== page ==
One of the leading figures in the UK broadband scene has demanded immediate action to address the fact that one in three households cannot get affordable broadband.
Keith Todd, chairman of the Broadband Stakeholders Group (BSG), warned on Monday that both the government and the telecommunications industry will come under pressure to address this broadband divide, which he described as 'not unacceptable'.
Todd, who is also the chairman of ISP Easynet, flagged up the vital role that regional development agencies have to play in driving the rollout of high-speed Internet services to parts of the UK where telcos such as BT, ntl, Telewest and Easynet do not yet see a commercial market.
"Over the next few months it is important that government, industry and regional bodies get together to discuss how we can target the coverage issue. "This is a problem that must be addressed," said Todd, speaking at the TMA2002 convention in Brighton.
Recent official figures indicate that some 63 percent of households and 68 percent of small and medium-sized businesses can get access to broadband.
Todd said that the BSG recently carried out an assessment of the UK from a broadband perspective. "We have identified parts of Britain that will not get broadband by market means alone," Todd explained.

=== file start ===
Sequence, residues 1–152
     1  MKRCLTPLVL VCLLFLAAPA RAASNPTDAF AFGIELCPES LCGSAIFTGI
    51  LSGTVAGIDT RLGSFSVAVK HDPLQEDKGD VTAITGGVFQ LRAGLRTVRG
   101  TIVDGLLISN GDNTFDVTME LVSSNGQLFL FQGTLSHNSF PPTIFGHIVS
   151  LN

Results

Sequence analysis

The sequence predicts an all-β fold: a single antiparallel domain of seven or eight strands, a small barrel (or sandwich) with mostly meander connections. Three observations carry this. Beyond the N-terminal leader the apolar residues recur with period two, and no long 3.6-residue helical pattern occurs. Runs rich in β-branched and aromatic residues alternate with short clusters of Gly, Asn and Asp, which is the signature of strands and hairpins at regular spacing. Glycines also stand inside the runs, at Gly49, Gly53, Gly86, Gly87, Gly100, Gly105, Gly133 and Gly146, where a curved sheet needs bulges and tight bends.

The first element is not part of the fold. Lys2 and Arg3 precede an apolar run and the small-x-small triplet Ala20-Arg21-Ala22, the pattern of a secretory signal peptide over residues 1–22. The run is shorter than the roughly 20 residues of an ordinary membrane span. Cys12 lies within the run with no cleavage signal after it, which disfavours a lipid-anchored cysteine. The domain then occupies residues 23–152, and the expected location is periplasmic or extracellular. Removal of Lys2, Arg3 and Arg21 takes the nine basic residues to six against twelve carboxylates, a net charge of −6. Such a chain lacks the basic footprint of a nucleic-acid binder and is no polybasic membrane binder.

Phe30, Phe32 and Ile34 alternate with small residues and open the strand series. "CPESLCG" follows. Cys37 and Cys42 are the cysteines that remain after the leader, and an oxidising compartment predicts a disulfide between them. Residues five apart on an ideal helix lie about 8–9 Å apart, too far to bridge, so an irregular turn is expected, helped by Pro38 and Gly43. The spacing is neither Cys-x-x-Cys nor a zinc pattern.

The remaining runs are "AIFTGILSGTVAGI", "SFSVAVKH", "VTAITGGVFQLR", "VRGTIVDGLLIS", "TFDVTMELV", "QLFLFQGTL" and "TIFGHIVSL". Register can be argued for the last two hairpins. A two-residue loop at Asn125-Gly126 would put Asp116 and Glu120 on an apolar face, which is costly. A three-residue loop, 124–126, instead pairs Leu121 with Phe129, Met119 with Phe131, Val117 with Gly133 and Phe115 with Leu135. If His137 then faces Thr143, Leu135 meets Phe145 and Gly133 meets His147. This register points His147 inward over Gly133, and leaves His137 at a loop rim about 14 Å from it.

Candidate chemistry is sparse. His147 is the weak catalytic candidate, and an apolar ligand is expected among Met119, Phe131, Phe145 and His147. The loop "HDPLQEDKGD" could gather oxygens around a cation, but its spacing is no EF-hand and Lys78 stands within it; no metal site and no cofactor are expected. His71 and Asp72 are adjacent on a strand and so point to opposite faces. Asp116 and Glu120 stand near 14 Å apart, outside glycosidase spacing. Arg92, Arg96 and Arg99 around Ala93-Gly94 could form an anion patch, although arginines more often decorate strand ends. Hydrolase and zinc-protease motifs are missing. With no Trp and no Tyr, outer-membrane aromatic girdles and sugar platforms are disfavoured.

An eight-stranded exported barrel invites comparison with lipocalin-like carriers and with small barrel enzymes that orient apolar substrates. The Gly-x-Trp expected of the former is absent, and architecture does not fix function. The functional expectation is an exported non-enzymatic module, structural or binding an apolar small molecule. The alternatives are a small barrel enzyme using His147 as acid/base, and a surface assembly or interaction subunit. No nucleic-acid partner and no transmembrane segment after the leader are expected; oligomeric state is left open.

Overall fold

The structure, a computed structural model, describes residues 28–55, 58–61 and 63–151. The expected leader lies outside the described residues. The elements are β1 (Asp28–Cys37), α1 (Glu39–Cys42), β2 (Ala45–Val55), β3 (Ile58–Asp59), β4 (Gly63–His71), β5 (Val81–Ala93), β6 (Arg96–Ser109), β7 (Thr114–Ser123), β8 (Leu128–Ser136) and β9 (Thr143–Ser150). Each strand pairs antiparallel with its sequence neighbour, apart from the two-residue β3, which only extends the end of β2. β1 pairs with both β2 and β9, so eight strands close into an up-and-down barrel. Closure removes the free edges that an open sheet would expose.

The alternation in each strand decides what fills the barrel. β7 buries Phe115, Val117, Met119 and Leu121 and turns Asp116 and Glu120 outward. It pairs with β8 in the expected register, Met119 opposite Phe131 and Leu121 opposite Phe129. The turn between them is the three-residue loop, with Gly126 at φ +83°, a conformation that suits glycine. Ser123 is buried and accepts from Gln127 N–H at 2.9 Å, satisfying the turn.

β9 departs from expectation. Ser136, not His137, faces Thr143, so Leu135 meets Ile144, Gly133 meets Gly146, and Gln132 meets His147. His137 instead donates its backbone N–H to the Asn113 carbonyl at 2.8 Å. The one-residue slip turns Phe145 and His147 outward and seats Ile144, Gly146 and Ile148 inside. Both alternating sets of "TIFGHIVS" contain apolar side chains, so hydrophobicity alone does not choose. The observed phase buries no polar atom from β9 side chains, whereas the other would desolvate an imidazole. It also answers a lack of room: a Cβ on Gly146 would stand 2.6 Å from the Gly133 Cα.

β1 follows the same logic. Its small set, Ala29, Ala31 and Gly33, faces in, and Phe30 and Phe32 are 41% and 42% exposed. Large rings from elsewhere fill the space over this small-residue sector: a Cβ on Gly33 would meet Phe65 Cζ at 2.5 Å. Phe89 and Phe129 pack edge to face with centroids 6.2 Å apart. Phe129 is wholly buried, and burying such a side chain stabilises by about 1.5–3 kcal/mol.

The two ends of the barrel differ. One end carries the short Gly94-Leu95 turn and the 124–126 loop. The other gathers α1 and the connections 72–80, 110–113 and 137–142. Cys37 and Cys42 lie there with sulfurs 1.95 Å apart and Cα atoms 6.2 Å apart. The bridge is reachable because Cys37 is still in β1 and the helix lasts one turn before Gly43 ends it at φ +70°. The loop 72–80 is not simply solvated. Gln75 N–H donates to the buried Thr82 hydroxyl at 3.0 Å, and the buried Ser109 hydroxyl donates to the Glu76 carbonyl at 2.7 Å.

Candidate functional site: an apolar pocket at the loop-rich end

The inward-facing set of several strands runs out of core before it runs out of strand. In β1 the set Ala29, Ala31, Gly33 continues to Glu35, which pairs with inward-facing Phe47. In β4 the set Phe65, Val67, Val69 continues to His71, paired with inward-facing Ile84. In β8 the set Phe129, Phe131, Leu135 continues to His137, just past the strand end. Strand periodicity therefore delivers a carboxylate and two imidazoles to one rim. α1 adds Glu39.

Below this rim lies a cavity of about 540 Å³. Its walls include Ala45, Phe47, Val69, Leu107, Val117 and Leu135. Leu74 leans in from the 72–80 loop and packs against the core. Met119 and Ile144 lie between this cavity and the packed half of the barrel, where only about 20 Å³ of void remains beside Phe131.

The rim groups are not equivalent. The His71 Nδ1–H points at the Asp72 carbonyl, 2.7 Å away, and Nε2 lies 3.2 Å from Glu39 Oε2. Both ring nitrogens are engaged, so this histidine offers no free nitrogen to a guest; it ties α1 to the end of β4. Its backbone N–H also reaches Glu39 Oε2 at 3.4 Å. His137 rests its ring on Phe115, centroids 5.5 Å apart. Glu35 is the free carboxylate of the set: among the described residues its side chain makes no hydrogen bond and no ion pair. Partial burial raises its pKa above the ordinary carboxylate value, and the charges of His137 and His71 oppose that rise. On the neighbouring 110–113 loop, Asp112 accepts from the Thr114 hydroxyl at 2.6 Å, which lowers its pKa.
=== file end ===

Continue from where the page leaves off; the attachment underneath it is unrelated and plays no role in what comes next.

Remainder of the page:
Both BT and the government have said that broadband rollout must be market-driven -- which has led to criticism from those who believe that this policy will mean that the more remote or sparsely populated parts of Britain may have to wait many years before they are offered affordable broadband. The BSG's survey appears to back up this view.
Look Mum, no wires
BT chief executive Ben Verwaayen recently told ZDNet UK that BT, as a commercial company, should not be expected to spend money on broadband infrastructure in parts of the UK where it cannot see sufficient demand to make it economically viable. Earlier this year BT launched its pre-registration scheme, where people who cannot get broadband in their area can register their interest. BT has set 'trigger levels' of interest for many exchanges, and has said it will upgrade every local exchange whose trigger level is achieved. According to Todd, more still needs to be done. "I urge everyone I meet to register their interest with BT. Although this helps, it isn't a solution, and I understand that there is frustration about the coverage issue. We need innovative solutions, and I believe that wireless has a massive role to play," said Todd. BT is currently conducting a trial of mesh radio, which can be used to create a wireless broadband network within a community. Mesh radio does not use base stations to transmit with large numbers of end-users. Instead, the nodes relay signals between each other, which means much fewer base stations are required, making it cheaper to install. Wi-Fi could also have a role in increasing the availability of broadband, and a group of pioneers are already using Wi-Fi to bring broadband to the South Wales valleys. The Arwain project is a free wireless broadband network that uses 802.11b to bring high-speed Internet access to homes and businesses within Wales's broadband blackspots. Despite his concerns about broadband coverage, Todd did emphasise that the UK could enjoy a bright broadband future. "We broke through the one million figure for broadband take-up just a couple of weeks ago, and the indications are that we could reach two million by next summer. We're just at the start of this journey, and we need to accelerate the pace of progress by stakeholders working together," said Todd.